2 Id. at p. 160, footnote omitted.

In sum, ABC opposes creation of a public performance right for record companies and performers as inconsistent with practical realities and as an unwise and unfair burden on broadcasters. Such a newly imposed obligation would also undermine the existing mutually beneficial relationships among record companies, performers and broadcasters. Thank you for the opportunity of presenting these comments. Very truly yours,



National Broadcasting Company, Inc. ("NBC") respectfully makes this statement concerning H.R. 5345, a bill which would create a "performance right" in the use of copyrighted sound recordings for the benefit of record companies and performers.

We question both the logic and public benefit of the proposed statute and therefore do not support its passage.

Proponents of H.R. 5345 argue that the creation of a performance right is necessary to create a new source of revenue for lesser-known performers and musicians who work for record companies. We doubt that the proposed statute will have that effect, even assuming that such an objective is a valid subject for national legislative policy.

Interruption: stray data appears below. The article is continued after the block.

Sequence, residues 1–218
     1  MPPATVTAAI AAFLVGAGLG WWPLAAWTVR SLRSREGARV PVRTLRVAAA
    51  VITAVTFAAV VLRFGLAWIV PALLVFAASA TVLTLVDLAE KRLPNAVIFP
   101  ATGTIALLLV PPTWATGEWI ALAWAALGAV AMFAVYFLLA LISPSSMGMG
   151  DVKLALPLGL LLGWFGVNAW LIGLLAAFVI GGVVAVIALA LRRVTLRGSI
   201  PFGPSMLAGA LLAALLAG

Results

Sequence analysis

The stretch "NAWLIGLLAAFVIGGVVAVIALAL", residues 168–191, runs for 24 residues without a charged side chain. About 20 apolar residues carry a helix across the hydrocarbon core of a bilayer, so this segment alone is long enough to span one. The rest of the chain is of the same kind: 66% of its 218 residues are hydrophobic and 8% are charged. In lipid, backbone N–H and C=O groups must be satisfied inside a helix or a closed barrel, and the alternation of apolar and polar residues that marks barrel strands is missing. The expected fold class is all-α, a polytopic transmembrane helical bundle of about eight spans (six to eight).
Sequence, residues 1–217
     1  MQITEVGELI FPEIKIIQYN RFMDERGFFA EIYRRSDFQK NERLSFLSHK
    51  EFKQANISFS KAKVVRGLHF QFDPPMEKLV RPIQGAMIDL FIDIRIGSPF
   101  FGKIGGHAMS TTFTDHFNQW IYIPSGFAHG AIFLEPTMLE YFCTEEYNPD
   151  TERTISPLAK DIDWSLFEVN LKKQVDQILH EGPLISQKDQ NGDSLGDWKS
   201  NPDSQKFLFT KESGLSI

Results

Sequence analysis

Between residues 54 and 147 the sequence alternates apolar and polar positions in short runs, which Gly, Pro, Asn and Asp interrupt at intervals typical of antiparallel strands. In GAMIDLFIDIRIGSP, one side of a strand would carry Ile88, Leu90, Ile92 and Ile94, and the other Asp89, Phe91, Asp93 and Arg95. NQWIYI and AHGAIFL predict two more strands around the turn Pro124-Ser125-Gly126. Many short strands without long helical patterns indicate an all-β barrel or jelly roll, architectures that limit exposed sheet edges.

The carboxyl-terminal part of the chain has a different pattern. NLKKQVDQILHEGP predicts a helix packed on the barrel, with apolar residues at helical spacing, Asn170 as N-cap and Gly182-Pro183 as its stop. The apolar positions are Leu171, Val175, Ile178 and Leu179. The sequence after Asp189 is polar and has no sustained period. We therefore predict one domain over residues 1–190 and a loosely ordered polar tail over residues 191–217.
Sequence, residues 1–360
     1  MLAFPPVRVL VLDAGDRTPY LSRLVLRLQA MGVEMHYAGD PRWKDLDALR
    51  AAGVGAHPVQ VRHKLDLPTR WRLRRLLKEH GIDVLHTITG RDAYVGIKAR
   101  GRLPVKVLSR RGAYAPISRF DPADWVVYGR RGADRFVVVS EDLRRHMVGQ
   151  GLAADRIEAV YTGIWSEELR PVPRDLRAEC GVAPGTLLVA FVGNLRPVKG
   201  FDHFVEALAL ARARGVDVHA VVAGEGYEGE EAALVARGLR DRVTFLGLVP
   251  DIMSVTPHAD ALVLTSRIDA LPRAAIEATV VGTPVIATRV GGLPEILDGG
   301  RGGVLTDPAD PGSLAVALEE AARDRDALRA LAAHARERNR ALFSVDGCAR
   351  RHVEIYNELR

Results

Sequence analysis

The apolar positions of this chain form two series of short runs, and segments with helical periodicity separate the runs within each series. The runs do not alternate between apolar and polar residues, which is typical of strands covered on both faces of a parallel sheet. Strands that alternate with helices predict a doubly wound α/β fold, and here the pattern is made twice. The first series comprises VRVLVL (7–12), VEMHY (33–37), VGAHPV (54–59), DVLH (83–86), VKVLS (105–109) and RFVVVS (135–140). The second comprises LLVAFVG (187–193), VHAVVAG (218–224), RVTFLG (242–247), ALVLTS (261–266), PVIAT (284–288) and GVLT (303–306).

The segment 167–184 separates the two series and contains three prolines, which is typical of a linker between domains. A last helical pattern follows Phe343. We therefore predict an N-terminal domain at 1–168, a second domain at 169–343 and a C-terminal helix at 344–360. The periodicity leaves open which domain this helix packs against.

In the first place, 50 percent of the performance fees provided for in the statute would go to record companies, not performers. Nothing would compel these companies to use this money to pay performers.

Secondly, only those musicians and performers whose sound recordings are actually broadcast can benefit from or be compensated under the proposed leg. islation. Since the records that are most often played on radio and television are those of the most popular and well-known performers, lesser-known musicians and artists will benefit very little. The more popular performers-most of whom are already highly paid—will undoubtedly get the lion's share of the remaining 50 percent of the proposed performers' fees.

In this regard, it should also be noted that many successful recording artists today own their own recording companies and record under their own labels. The proposed statute would give these artists the double benefit of receiving royalties in their dual capacity as performers as well as record company owners.

The record industry is a multi-billion dollar enterprise. It grew to this size without subsidization from the broadcasting industry, and it is clearly able to survive without the imposition of these additional fees.

Broadcasters already pay substantial sums for the right to play music on the air. In 1973, for example, broadcasters paid over $80 million in music license fees.'